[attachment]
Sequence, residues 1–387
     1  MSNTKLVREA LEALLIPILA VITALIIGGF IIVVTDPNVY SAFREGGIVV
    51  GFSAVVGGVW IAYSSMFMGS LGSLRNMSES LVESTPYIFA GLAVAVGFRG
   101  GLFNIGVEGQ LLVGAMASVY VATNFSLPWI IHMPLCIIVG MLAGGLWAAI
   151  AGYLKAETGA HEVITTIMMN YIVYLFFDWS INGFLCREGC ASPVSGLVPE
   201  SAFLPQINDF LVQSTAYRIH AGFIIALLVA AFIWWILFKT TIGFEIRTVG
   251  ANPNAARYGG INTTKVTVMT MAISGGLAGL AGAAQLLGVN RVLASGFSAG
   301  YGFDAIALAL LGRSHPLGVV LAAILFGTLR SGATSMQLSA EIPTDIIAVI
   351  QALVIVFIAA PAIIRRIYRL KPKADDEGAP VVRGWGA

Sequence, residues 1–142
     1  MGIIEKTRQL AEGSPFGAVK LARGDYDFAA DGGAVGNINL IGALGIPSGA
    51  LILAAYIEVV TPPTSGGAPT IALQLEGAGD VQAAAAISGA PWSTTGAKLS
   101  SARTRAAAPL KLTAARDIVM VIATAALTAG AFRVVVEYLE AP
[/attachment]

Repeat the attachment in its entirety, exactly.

Sequence, residues 1–387
     1  MSNTKLVREA LEALLIPILA VITALIIGGF IIVVTDPNVY SAFREGGIVV
    51  GFSAVVGGVW IAYSSMFMGS LGSLRNMSES LVESTPYIFA GLAVAVGFRG
   101  GLFNIGVEGQ LLVGAMASVY VATNFSLPWI IHMPLCIIVG MLAGGLWAAI
   151  AGYLKAETGA HEVITTIMMN YIVYLFFDWS INGFLCREGC ASPVSGLVPE
   201  SAFLPQINDF LVQSTAYRIH AGFIIALLVA AFIWWILFKT TIGFEIRTVG
   251  ANPNAARYGG INTTKVTVMT MAISGGLAGL AGAAQLLGVN RVLASGFSAG
   301  YGFDAIALAL LGRSHPLGVV LAAILFGTLR SGATSMQLSA EIPTDIIAVI
   351  QALVIVFIAA PAIIRRIYRL KPKADDEGAP VVRGWGA

Sequence, residues 1–142
     1  MGIIEKTRQL AEGSPFGAVK LARGDYDFAA DGGAVGNINL IGALGIPSGA
    51  LILAAYIEVV TPPTSGGAPT IALQLEGAGD VQAAAAISGA PWSTTGAKLS
   101  SARTRAAAPL KLTAARDIVM VIATAALTAG AFRVVVEYLE AP